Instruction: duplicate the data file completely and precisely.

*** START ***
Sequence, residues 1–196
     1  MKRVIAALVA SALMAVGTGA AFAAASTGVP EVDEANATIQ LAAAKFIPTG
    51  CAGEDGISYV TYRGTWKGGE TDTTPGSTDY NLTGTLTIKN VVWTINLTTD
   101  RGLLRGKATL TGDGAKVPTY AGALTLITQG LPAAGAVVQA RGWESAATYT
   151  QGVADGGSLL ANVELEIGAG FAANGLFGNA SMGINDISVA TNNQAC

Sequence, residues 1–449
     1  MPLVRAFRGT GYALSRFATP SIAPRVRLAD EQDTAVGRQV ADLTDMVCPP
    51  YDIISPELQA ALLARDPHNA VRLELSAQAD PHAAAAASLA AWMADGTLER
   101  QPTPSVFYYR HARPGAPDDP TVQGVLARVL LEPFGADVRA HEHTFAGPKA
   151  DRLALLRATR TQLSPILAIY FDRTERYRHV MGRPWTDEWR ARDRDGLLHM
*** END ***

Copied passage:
Sequence, residues 1–196
     1  MKRVIAALVA SALMAVGTGA AFAAASTGVP EVDEANATIQ LAAAKFIPTG
    51  CAGEDGISYV TYRGTWKGGE TDTTPGSTDY NLTGTLTIKN VVWTINLTTD
   101  RGLLRGKATL TGDGAKVPTY AGALTLITQG LPAAGAVVQA RGWESAATYT
   151  QGVADGGSLL ANVELEIGAG FAANGLFGNA SMGINDISVA TNNQAC

Sequence, residues 1–449
     1  MPLVRAFRGT GYALSRFATP SIAPRVRLAD EQDTAVGRQV ADLTDMVCPP
    51  YDIISPELQA ALLARDPHNA VRLELSAQAD PHAAAAASLA AWMADGTLER
   101  QPTPSVFYYR HARPGAPDDP TVQGVLARVL LEPFGADVRA HEHTFAGPKA
   151  DRLALLRATR TQLSPILAIY FDRTERYRHV MGRPWTDEWR ARDRDGLLHM